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The government confirmed that the term ‘rights’, as opposed to ‘entitlements’, will remain in the revised Code. The purpose of this is to send a clear message to both victims and criminal justice practitioners that victims should receive the services and information set out in the Code. The government also indicated that the rights will form a new Victim’s Law, which will be consulted on following the publication of the revised Code.
In its response, the government also acknowledged that some of the respondents to the consultation did not want to be referred to as ‘victims’. Whilst the government confirmed that the term victim will remain in the revised Code, the terms ‘complainant’ and ‘survivor’ will be added to the definition of who is a victim to provide clarity.
There were some respondents to the consultation who felt that the Code should include additional responsibilities relating to the quality of police investigations. The government set out in its response that it was not appropriate to include any additional rights around investigation quality. It said that decisions taken in investigations must be independent and cannot be influenced by any rights. It noted that there is an existing complaints process outside of the Code for those with concerns about the quality of the investigation of their case.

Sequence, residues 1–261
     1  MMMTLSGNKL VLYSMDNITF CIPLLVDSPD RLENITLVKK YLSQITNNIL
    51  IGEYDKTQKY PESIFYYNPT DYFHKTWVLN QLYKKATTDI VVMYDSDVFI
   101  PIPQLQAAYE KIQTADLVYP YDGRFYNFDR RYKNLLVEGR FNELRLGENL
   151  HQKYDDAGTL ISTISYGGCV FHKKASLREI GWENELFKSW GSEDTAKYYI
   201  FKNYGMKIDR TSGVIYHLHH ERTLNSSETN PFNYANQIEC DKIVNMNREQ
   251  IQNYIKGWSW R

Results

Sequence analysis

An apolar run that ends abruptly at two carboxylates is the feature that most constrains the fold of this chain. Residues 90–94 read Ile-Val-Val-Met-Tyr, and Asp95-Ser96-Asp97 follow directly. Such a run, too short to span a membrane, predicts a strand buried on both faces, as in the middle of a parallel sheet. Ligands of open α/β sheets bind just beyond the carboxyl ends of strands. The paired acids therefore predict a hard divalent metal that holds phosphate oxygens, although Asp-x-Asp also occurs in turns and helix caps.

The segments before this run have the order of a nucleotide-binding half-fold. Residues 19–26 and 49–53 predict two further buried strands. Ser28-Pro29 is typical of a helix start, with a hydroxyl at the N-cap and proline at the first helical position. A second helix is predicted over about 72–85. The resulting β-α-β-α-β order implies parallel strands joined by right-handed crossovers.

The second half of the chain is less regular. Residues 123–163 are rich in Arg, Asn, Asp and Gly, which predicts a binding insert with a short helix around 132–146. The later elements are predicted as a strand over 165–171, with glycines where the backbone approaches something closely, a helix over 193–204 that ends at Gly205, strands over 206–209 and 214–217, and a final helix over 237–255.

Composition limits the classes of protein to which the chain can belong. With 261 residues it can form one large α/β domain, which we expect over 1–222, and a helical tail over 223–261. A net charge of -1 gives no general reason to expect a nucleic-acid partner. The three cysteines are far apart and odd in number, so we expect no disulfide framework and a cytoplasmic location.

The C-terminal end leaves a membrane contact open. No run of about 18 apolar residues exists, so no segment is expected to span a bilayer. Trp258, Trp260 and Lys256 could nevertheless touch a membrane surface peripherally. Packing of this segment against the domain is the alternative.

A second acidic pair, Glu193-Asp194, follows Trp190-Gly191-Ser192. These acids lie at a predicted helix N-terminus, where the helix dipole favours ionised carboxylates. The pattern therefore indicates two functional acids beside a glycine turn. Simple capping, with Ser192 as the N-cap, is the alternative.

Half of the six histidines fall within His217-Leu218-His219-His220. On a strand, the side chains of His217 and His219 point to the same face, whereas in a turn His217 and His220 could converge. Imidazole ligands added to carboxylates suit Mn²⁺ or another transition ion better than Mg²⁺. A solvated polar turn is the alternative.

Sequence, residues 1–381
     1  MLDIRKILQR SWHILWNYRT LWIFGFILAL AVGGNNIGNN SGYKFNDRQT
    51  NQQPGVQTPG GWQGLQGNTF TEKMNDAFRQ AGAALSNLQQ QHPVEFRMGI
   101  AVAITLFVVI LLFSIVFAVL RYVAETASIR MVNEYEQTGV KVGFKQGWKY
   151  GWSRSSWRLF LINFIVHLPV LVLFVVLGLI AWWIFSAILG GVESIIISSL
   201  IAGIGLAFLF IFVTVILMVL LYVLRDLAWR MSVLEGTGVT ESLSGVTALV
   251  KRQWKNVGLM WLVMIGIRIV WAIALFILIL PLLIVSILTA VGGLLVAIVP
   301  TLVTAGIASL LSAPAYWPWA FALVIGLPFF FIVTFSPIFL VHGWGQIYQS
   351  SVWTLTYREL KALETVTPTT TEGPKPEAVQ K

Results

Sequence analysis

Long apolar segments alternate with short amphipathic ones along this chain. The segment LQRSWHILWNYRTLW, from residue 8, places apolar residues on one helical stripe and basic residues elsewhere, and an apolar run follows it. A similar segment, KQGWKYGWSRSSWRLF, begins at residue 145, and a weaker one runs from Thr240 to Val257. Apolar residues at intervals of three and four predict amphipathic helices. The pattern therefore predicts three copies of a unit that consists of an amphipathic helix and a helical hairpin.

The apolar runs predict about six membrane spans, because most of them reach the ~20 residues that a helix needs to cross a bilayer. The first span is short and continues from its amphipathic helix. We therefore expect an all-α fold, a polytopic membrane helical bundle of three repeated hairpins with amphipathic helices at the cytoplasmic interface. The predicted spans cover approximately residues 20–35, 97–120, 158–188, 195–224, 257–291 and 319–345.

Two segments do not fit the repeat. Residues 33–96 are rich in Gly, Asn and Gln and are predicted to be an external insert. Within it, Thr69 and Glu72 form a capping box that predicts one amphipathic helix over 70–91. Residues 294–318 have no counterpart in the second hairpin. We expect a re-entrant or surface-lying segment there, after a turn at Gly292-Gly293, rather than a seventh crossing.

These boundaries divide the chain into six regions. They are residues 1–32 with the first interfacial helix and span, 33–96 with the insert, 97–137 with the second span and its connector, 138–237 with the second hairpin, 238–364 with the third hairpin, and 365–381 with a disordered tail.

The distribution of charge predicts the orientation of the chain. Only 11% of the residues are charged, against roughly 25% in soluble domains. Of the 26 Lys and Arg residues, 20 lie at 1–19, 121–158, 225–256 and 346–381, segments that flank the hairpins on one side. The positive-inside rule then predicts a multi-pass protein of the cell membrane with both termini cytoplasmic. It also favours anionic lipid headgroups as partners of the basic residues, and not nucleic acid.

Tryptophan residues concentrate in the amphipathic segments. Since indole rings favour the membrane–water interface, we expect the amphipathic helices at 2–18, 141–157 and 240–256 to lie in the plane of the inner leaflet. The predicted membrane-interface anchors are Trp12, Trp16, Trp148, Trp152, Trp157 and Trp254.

Additionally, the revised Code places an emphasis on Restorative Justice, with more detailed guidance on the role that it can play and, where possible, help to repair the harm caused by the crime. The right to receive information about Restorative Justice remains an important part of the revised Code.
The revised Code has been laid before Parliament and will come into force on 1 April 2021.
You can access the government’s full response to the consultation here.
Shannett is a Partner in the Regulatory Team providing regulatory advice predominantly in the health and social care sector. She is also a member of the private prosecutions team providing advice to individuals, business and charities in respect of prosecutions were traditional agencies are unwilling or unable to act.
Imogen is a trainee solicitor in Kingsley Napley’s Regulatory team, where she assists with investigating and preparing fitness to practice cases relating to professional misconduct, ill-health and lack of competence.
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